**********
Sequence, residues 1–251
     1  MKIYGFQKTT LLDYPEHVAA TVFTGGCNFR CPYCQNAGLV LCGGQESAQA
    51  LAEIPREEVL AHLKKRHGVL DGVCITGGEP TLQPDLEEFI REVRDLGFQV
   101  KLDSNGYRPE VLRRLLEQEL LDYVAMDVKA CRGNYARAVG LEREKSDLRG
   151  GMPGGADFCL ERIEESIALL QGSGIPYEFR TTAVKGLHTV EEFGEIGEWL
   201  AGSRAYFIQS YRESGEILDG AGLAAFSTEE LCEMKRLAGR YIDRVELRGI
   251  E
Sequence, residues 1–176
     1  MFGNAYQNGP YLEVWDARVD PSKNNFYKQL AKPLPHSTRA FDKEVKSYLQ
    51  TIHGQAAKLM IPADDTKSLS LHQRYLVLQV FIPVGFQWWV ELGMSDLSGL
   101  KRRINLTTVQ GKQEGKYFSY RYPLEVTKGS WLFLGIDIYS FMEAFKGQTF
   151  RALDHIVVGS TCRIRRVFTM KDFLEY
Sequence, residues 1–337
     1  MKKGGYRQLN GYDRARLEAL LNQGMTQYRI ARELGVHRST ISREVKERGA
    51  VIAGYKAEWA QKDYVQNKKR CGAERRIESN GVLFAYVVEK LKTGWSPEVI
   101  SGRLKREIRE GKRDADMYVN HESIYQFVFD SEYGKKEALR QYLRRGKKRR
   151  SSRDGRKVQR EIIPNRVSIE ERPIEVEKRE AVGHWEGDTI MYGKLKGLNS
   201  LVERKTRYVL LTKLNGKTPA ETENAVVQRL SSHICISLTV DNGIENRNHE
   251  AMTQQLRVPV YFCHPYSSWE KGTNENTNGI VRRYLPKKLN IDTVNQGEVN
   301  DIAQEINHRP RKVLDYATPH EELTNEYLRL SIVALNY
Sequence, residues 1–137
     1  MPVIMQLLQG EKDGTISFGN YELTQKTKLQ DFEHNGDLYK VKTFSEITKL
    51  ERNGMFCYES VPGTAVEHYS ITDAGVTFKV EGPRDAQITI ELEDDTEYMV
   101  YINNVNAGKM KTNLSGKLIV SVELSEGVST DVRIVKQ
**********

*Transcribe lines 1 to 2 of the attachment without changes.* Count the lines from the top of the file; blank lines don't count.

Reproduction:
Sequence, residues 1–251
     1  MKIYGFQKTT LLDYPEHVAA TVFTGGCNFR CPYCQNAGLV LCGGQESAQA